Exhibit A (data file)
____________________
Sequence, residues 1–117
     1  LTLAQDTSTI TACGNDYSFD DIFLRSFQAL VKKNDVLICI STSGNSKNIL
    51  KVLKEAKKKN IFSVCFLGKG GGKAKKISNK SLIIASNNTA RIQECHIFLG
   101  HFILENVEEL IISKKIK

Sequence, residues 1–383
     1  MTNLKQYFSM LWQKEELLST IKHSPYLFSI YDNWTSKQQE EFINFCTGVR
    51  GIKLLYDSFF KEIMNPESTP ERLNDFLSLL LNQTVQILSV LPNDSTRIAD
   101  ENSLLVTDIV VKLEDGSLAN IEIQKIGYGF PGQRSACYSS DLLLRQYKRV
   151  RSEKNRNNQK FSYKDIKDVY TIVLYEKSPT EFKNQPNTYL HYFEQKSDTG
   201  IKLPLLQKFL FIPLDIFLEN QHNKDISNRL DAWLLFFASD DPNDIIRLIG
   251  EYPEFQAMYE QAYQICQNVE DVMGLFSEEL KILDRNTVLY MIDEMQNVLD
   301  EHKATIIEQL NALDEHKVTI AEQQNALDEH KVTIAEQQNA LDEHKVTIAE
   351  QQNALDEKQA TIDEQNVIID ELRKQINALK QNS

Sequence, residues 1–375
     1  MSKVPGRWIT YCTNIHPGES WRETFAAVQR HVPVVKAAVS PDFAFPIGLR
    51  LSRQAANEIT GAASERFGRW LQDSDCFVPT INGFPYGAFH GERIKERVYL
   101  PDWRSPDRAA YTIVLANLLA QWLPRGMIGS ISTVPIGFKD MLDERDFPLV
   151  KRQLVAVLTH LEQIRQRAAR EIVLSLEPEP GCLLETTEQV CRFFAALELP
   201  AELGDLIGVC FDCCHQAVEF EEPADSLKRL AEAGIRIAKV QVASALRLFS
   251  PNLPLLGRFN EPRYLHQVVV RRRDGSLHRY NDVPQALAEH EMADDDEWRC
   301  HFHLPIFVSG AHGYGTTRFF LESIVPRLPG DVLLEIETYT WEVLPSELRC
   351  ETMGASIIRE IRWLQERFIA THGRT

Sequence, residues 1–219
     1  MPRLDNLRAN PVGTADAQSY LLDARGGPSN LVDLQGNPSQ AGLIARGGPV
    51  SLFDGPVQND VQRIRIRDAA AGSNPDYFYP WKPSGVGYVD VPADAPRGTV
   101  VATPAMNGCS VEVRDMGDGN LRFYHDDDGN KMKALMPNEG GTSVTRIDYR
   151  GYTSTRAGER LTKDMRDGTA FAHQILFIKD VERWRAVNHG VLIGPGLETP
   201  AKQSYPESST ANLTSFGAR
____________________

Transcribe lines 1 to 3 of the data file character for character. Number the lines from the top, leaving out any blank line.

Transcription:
Sequence, residues 1–117
     1  LTLAQDTSTI TACGNDYSFD DIFLRSFQAL VKKNDVLICI STSGNSKNIL
    51  KVLKEAKKKN IFSVCFLGKG GGKAKKISNK SLIIASNNTA RIQECHIFLG